This is an interesting choice by Anand. Now Topalov can play Rac8 to trade off the Rooks. This is a possible continuation: 25... Rac826. Nd5 Rxc2 27. Rxc2 Bh3. White cannot take the Bishop on b6 because of d3 0-1. Here is another possible line: 25...Rac8 26. Nd5 d3 27. exd3 Rxc2 28. Rxc2 Bh3 29. Ne3 =

25...Rab8 Anand has the option of playing 26. Nd6 or 26. Nc5. I prefer 26. Nd6 a little more although it does depend on Anand's mindset. Is he trying to win or is he happy with a draw with White to maintain a 1 point lead? Nd6 will keep things more complicated while Nc5 may result in piece exchanges.

26. Nd6 Re5 The position is still even.

27. Nc8 Anand is toying with Topalov. As I mentioned above, Anand's Knights can be very annoying. They are driving Topalov crazy. Topalov's pieces are still not coordinated yet. Eventually, I believe Topalov will be frustrated and will exchange off one of the Knights to regain his sanity.

One other thing to keep in mind is when chess fans watch the games at home, they are doing so at their own leisure with no pressure whatsoever. However, when you are in the world chess championship, the pressure alone will force you to double, triple, and quadruple check everything because one bad move can cost a player the match.

This is like a field goal kicker with a 40 yard kick to give his team the Super Bowl victory, or a basketball player on the free throw line in the 7th game game of the NBA championship with 0.3 second left. Your team is down by 1 and you must make both free throws for your team to win. Does anyone remember Bill Buckner of the Red Sox in game 6 of the 1986 World Series against the Mets? One botch play haunted him for the rest of his life. It is easy to criticize Topalov or Anand when nothing is on the line.

27. Ba5 28. Nd3 Anand is toying with Topalov with his Knight moves.

28...Re8 Anand only has one option here which is to bring his Knight to d6.

29. Na7 I am not so sure that this is the best move for Anand. 29...Ra8 30. Nc6 Bxc6 31. Rxc6 Rxe2and Black is fine.

29...Bb6 30. Nc6 Now 30... Bxc6 31. Rxc6 Rxe2 = Black is up a pawn but White has more than enough compensation. I do not see either side winning in this line.

30...Rb7 31. Ncb4 a5 32. Nd5 Topalov has gone out of his way to avoid exchanging one of his Bishops. It is hard to imagine that he can continue to do that without having to play inferior moves. 32...Bf5 is a good move here but it means that Topalov has to give up at least one of his Bishops.

32...a4 I did not expect this move. Topalov is finally willing to let go of one of his Bishops. If 33. Nxb6 Rxb6 34. Rc7 Be6 35. Ra7 Bxa2 36. Rcc7 g5= Black is up a pawn but White has his Rooks on the 7th rank.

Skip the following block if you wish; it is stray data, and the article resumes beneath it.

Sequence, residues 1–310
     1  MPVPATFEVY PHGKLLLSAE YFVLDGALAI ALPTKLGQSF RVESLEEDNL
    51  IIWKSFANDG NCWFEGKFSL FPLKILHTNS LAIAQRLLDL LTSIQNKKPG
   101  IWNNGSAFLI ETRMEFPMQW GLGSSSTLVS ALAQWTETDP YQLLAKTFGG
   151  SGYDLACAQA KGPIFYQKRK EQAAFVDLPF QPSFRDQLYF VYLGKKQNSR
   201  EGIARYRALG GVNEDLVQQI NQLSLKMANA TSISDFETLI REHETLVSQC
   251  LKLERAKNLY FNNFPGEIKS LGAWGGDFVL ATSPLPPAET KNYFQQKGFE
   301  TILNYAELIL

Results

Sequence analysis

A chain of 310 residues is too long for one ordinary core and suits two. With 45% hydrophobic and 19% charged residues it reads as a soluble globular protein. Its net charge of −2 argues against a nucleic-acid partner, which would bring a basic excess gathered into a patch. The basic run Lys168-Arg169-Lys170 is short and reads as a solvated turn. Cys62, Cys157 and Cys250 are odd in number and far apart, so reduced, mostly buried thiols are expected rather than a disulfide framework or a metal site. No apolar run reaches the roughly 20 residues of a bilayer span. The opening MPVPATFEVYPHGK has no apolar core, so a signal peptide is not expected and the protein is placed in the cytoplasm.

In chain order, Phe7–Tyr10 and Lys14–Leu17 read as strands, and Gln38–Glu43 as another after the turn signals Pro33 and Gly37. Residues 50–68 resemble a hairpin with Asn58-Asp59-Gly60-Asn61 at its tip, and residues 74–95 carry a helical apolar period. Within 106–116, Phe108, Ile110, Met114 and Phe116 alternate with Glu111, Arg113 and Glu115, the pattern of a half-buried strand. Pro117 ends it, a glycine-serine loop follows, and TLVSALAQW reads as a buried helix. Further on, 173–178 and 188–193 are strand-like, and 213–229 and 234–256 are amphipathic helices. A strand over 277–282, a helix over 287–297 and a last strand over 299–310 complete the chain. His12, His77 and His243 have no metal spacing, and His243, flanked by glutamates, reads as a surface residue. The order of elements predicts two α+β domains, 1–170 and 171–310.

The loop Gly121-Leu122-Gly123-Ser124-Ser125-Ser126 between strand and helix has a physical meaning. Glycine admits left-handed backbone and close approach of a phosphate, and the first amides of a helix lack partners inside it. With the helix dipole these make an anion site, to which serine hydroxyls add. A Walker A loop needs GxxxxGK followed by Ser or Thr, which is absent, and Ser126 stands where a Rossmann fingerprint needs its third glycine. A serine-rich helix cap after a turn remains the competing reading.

33. Nxb6 Rxb6 The question is will Anand go for the forced draw line I mentioned above?

34. Nc5 No, he chose a different continuation. Black is fine in this position. 1/2 of the Knightmare is over :) Topalov can breathe a little easier now.

34...Bf5 35. Rd2 Black can simply play Rc6. White cannot take the d4 pawn because of Rec8 winning the Knight.

35...Rc6 36. b4 axb4 37. axb3 I think Topalov must play b4 here. He cannot allow White to play b4. 37...b4 38. Rxd4 Rec8 39. Rdc4 Bg6 40. Nd3 Rxc4 41. bxc4 b3 42. Rb1 Rxc4 43. Rxb3 Rc2 44. Kf1 Bf5 45. f3 +=. Here is another line 38. Rxd4 Rxe2 instead of Rec8 39. Rxb4 Rd6 +=

37...b4 38. Rxd4 Rxe2 39. Rxb4 Bh3 40. Rc4 Rd6 += Black should be able to hold this in spite of being a pawn down. He has enough compensation with his piece placement. 41. Re4 Rc2 42. Ree1 Rb2 43. Rcd1+=

41. Re4 Rb2 42. Ree1 = I do not think either player can win here. This should be a draw. If Rdd2 then Ne4 =

42...Rdd2 43. Ne4 We can have another repetition here with 43... Rd4 44. Nc5 Rdd2 45. Ne4 =

43...Rd4 Even though this move is fine, I think 43...Rd3 is a little better.

44. Nc5 Topalov has to bring his d Rook back to d2. But after Anand plays Ne4, I think he should try Rd3 since he can't lose in this position.

44...Rdd2 45. Ne4 Rd3 As I mentioned above, Topalov can't lose so why not? Now he gets the pawn back with a slightly better position. It is still a draw but he has nothing to lose by trying.

46. Rb1 Rdxb3 47. Nd2 = Rb4 This is probably payback time. Anand was toying with Topalov and giving him a headache with his Knights. Now Topalov can play this position out until K vs K without any risk of losing.

48. f3 Creating a hole to avoid the back rank mate threat.

48...g5 49. Rxb2 Rxb2 Draw is inevitable.

50. Rd1 Kf7 51. Kf2 h5 52. Ke3 Rc2 53. Ra1 = Kg6 Both players are just making small progress. No chance for a decisive result.

54. Ra6 Bf5 55. Rd6 Rc3+ 56. Kf2 Rc2 57. Ke3 Rc3+ 58. Kf2 Rc2 1/2-1/2

This is a very important game for Topalov. This is the first time he held as Black and it was accomplished with relative ease. Now he is going into the break tomorrow with good feelings.

For Anand, it is an uneventful game and he still has the lead going into the 2nd half. I believe Anand will have White again in game 7.